They'll win in a few years, right?


Yao is 28. Battier is 30. The Rockets need to win now.

Not winning a playoff round since 1997 might pass if the Rockets had not spend all of those years promising fans that the team was close to the promised land.

Owner Les Alexander should have hired better liars.

First, it was Steve “Stevie Franchise” Francis, the mercurial guard whom management felt could become a big-time playoff performer. He possessed stunning athleticism, passing prowess and the confidence necessary to win.

Too arrogant and unitelligible to harness his talents, his Houston career turned out to be one big flop. Cuttino Mobley was supposed to be a terrific sidekick to Francis. He didn't win, either.

In 2004, the Rockets launched an even more disastrous era around another alleged superstar. Do I need to mention his name?

He promised a championship during a press conference upon his arrival.

"Believe me, something special is gonna happen here in the city of Houston," he said.

Special, indeed. Like, losing by 40 points in a 2005 Game Seven at Dallas, after grabbing a 2-0 series lead on the road.

Or losing a Game Seven at home to Utah in 2007, after taking another 2-0 lead.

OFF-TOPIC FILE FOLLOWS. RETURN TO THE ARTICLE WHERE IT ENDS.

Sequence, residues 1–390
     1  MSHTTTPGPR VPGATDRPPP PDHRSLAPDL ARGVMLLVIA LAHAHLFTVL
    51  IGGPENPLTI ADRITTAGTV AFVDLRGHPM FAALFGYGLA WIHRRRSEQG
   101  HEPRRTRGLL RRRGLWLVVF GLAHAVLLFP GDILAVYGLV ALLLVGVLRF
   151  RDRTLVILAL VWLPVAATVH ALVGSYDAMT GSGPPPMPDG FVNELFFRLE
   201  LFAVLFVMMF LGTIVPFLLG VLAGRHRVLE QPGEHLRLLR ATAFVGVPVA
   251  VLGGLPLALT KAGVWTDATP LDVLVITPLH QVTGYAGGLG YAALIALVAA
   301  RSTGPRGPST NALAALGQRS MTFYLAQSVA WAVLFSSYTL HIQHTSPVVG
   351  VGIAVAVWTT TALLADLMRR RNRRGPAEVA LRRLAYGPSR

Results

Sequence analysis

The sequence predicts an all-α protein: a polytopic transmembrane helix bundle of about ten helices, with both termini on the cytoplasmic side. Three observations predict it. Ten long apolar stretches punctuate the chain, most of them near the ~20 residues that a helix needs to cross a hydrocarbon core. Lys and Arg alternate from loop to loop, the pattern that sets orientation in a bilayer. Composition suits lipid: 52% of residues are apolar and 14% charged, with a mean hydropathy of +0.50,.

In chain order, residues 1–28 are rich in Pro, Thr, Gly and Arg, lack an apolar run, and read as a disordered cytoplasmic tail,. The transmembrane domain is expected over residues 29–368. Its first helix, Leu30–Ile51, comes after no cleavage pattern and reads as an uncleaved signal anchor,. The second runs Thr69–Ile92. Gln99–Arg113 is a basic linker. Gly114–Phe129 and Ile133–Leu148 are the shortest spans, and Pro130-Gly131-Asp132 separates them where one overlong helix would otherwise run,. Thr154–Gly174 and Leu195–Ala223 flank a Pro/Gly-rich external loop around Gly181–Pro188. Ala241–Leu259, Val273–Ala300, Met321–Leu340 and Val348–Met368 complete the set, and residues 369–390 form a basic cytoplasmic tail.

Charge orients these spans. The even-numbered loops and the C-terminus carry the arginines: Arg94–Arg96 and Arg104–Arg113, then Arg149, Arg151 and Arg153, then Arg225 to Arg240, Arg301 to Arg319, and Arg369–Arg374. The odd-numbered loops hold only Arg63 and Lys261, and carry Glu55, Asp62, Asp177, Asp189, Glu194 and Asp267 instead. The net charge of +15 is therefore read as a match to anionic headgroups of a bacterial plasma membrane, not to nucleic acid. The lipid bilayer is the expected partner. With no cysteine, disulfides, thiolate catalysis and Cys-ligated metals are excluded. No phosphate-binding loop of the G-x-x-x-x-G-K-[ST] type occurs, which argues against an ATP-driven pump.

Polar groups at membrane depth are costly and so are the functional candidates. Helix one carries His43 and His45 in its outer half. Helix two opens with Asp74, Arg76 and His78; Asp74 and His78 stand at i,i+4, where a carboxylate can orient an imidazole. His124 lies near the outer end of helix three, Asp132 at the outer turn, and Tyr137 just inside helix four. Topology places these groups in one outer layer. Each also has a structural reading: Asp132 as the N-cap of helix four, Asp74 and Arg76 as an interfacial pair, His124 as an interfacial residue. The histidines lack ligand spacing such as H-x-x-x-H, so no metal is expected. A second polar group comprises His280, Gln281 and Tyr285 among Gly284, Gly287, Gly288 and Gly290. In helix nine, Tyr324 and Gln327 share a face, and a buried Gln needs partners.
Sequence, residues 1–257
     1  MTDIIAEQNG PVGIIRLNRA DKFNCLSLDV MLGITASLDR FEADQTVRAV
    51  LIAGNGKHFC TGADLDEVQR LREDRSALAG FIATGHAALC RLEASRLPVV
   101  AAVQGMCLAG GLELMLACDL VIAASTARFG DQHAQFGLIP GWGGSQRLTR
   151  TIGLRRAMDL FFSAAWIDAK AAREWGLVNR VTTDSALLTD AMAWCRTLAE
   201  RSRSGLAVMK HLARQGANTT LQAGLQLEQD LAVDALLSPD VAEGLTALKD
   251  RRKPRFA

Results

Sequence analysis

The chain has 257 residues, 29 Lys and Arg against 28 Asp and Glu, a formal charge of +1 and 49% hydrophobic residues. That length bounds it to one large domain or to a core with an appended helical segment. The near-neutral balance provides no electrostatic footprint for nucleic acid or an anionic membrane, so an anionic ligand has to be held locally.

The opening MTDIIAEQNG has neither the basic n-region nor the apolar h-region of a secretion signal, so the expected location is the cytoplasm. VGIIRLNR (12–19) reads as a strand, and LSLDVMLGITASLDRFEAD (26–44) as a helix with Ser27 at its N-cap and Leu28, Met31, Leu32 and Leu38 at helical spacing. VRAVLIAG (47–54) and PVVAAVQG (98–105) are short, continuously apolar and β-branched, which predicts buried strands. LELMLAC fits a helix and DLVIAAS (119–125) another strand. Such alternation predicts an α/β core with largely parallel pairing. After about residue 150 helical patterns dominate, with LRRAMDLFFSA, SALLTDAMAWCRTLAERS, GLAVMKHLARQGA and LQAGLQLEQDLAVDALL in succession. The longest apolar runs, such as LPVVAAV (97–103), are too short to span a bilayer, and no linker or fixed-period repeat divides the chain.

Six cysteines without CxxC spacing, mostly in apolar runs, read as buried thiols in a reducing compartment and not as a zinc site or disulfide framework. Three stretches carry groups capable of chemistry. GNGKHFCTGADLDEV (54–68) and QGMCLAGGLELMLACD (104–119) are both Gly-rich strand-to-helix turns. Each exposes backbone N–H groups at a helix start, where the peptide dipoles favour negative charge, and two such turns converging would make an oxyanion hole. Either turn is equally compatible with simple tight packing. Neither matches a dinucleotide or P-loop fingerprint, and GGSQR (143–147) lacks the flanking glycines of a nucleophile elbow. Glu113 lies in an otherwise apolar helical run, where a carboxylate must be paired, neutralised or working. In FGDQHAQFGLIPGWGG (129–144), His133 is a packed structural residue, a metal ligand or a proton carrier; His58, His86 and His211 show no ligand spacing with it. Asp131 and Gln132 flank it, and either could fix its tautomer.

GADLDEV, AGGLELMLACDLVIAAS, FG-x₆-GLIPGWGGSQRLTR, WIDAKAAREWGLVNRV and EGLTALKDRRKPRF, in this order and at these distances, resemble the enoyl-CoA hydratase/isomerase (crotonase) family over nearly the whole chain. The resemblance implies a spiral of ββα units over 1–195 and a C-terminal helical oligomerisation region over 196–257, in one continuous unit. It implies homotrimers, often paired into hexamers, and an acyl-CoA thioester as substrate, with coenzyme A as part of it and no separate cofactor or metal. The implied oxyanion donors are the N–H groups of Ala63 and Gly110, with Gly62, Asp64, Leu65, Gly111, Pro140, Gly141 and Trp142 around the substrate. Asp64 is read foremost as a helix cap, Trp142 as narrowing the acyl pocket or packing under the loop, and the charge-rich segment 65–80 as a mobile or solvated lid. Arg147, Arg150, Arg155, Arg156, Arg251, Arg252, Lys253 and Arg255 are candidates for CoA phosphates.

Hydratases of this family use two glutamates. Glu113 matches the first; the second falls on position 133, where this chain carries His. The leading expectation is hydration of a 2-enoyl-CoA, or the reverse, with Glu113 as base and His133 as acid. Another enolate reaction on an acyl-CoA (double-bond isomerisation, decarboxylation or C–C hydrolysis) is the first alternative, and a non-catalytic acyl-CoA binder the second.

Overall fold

The Rockets did win 22 consecutive games last year, 12 of them without Yao, but the first-round flop is what most people remember.

Not winning a playoff round since 1997 might fly if this team was expected to be a moribund bottom-feeder like Minnesota or Memphis.

Instead, General Manager Daryl Morey built a roster he believed could compete for a title. Since that seems out of the question just winning four games in this series would be enough.

Yao is the center in so many ways. Since 2002, management has done everything possible to build a competitive roster around him.

Now it's time for the big guy to return the favor.

Houston fans do not want a 50-win season. They do not want a few 20-point wins over playoff-bound clubs in March. They do not care if a certain someone scores 13 points in 35 seconds in December.

They want the Rockets to win in the playoffs.

The Blazers will continue fronting Yao and forcing other guys to beat them. Eventually, the role players will falter, and the Rockets will need their center to rise above the fronting defense and produce.

If the Rockets win game four, they’ll head back to Portland with a chance to deliver a knockout punch.

Then, we'll see if Yao owns any boxing gloves.